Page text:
2. Launch puttygen.exe. The RSA key type at the bottom of the window is selected by default for an RSA key pair but ED25519 (EdDSA using Curve25519) is a comparable option if your remote machine’s SSH server supports DSA signatures. Do not use the SSH-1(RSA) key type unless you know what you’re doing.

  3. Increase the RSA key size from 2048 bits 4096 and click Generate:

    Generating the new public/private key pair.

  4. PuTTY uses the random input from your mouse to generate a unique key. Once key generation begins, keep moving your mouse until the progress bar is filled:

    Move the mouse until the key generating is complete.

  5. When finished, PuTTY will display the new public key. Right-click on it and select Select All, then copy the public key into a Notepad file.

    The public key has now been created.

  6. Save the public key as a .txt file or some other plaintext format. This is important–a rich text format such as .rtf or .doc can add extra formatting characters and then your private key won’t work:

    Copy the public key to a text file.

  7. Enter a passphrase for the private key in the Key passphrase and Confirm passphrase text fields. Important: Make a note of your passphrase, you’ll need it later:

    Enter a new passphrase.

  8. Click Save private key. Choose a file name and location in Explorer while keeping the ppk file extension. If you plan to create multiple key pairs for different servers, be sure to give them different names so that you don’t overwrite old keys with new:

    Saving the private key.

Connect to the Remote Server

  1. Launch putty.exe. Find the Connection tree in the Category window, expand SSH and select Auth. Click Browse and navigate to the private key you created above:

    Enter the private key location.

  2. Scroll back to the top of the Category window and click Session. Enter the hostname or IP address of your Linode. PuTTY’s default TCP port is 22, the IANA assigned port for for SSH traffic. Change it if your server is listening on a different port. Name the session in the Saved Sessions text bar and click Save:

    Saving your connection information.

  3. Click the Open button to establish a connection. You will be prompted to enter a login name and password for the remote server.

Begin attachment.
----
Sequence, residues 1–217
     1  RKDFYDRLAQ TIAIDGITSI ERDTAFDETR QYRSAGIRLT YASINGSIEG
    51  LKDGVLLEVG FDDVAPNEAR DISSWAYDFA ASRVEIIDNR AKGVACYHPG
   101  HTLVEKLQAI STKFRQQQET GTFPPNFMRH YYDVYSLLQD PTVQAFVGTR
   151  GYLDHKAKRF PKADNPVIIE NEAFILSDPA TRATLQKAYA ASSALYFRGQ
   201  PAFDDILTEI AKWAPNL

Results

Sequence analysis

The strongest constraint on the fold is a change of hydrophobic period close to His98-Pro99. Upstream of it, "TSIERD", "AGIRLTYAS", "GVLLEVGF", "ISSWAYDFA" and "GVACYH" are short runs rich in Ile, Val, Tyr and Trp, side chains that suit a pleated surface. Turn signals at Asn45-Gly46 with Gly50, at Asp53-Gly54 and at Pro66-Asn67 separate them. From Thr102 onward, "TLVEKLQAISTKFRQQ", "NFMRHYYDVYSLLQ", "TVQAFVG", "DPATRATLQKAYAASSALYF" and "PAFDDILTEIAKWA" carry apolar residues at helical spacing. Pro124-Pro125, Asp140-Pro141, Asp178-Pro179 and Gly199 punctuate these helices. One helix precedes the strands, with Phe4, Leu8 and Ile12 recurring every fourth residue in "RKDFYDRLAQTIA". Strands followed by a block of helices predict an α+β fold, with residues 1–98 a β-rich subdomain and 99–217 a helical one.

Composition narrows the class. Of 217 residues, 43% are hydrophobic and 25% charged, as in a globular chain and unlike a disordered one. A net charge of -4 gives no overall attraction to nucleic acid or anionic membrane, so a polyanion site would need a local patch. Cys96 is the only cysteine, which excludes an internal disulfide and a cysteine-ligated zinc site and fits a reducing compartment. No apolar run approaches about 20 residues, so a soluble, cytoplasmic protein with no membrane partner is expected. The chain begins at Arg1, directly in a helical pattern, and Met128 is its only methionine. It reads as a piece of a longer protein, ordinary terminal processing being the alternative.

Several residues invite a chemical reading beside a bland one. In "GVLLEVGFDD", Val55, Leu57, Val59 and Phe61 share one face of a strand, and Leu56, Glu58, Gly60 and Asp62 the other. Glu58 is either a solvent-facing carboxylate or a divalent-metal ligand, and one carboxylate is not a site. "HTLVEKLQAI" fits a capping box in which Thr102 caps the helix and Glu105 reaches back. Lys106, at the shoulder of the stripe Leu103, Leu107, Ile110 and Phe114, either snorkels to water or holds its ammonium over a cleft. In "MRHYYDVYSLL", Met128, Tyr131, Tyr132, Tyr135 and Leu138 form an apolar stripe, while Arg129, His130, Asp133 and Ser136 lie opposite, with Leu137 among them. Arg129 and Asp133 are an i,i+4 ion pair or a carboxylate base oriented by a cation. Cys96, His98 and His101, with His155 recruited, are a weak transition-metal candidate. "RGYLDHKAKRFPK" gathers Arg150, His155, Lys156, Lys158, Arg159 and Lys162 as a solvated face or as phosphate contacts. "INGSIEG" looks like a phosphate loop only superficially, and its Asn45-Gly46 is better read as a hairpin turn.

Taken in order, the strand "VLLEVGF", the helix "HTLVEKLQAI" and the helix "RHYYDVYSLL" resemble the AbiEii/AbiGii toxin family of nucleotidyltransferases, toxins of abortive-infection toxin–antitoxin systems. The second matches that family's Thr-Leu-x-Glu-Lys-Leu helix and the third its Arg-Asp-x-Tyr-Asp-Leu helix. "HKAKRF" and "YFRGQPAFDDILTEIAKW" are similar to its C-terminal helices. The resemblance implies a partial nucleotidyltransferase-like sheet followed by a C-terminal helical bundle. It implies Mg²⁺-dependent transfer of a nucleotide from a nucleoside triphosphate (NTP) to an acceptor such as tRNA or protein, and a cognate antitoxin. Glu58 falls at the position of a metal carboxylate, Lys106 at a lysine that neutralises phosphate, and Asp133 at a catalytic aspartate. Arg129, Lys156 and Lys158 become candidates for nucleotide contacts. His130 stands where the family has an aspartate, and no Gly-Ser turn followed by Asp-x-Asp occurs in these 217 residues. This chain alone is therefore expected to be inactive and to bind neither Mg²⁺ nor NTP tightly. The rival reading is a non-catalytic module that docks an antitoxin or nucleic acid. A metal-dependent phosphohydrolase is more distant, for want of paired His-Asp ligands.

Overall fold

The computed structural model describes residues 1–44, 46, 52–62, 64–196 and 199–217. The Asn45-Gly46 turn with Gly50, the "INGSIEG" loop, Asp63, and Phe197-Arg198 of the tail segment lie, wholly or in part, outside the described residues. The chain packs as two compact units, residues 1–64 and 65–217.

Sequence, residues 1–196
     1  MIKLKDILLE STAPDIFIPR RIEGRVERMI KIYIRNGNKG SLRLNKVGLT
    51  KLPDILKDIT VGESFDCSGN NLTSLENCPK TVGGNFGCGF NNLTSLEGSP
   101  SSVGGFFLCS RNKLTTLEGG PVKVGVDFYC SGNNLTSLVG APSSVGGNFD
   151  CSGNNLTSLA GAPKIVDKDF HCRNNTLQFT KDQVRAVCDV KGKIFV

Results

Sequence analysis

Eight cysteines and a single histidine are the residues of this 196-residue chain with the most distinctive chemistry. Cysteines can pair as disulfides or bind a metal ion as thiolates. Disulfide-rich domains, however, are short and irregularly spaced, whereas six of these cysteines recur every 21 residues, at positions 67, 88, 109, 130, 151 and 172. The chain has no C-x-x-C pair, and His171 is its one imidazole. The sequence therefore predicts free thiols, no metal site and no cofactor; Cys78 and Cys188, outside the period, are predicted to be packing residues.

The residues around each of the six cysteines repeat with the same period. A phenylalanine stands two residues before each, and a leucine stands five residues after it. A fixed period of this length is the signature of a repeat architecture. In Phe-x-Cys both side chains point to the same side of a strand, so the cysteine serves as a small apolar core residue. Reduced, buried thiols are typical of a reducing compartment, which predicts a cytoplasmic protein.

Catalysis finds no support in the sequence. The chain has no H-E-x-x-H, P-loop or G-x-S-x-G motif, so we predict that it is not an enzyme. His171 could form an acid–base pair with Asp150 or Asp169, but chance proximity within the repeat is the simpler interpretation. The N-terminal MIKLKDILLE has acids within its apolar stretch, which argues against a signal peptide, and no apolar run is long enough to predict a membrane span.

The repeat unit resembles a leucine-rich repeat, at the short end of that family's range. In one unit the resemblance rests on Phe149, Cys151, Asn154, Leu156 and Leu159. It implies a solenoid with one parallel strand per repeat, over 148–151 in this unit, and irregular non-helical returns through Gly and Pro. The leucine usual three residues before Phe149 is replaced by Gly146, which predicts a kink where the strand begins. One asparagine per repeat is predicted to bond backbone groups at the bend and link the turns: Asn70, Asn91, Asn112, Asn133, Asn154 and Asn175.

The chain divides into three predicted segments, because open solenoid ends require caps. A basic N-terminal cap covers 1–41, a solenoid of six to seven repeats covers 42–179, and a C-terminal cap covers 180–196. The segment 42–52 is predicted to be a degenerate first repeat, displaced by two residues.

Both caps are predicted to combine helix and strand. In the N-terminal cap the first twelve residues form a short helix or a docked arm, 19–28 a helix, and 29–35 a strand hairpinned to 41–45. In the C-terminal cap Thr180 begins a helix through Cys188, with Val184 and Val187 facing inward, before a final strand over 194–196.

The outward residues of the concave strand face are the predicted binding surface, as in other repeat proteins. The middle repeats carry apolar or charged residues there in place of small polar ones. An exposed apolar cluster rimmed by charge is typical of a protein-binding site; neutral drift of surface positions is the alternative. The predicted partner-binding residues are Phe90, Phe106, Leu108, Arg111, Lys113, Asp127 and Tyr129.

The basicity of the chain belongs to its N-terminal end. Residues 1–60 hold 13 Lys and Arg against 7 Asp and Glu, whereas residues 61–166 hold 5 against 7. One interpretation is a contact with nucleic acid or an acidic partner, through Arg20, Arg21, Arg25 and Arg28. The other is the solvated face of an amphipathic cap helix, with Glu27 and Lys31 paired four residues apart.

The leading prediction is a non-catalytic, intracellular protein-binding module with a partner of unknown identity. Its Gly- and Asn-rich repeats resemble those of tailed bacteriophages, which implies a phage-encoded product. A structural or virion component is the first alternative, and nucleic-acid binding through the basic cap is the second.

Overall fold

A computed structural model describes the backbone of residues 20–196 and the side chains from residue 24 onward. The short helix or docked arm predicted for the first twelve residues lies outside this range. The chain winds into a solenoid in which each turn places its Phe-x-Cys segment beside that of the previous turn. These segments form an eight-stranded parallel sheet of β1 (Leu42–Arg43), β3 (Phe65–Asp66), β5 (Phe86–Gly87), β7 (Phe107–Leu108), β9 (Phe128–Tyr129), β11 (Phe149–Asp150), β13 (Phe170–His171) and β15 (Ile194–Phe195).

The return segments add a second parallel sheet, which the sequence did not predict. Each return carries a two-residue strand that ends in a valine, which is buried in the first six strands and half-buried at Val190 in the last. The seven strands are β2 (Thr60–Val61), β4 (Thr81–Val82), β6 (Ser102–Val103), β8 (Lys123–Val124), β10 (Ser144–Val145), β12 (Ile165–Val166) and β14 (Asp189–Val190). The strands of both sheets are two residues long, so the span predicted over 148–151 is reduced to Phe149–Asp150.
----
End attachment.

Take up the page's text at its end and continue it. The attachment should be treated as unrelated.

4. Once you’re logged in to the remote server, configure it to authenticate with your SSH key pair instead a user’s password. Create an .ssh directory in your home directory on your Linode, create a blank authorized_keys file inside, and set their access permissions:

    mkdir ~/.ssh && touch ~/.ssh/authorized_keys
    chmod 700 ~/.ssh && chmod 600 ~/.ssh/authorized_keys
    
  5. Copy the public key from your local workstation to the authorized_keys file on your Linode. When copying from the public key file exported from PuTTY.

  6. Exit PuTTY, then reconnect and Load your saved session. You’ll be prompted to enter your Linode user’s login name as before. However, this time you will be prompted for your private SSH key’s passphrase rather then your Linode user’s password. Enter the passphrase and press Enter.

Using WinSCP

Uploading a public key from Windows can also be done using WinSCP.

  1. In the login window, enter your Linode’s public IP address as the hostname as well as your non-root username and password. Click Login to connect.

  2. Once connected, WinSCP will show two file tree sections. The left shows files on your local computer and the right shows files on your Linode. Using the file explorer on the left, navigate to the file where you saved your public key in Windows. Select the public key file and click Upload in the toolbar above.

  3. You’ll be prompted to enter a path on your Linode where you want to upload the file. Upload the file to /home/example_user/.ssh/authorized_keys, replacing example_user with your username.

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This guide is published under a CC BY-ND 4.0 license.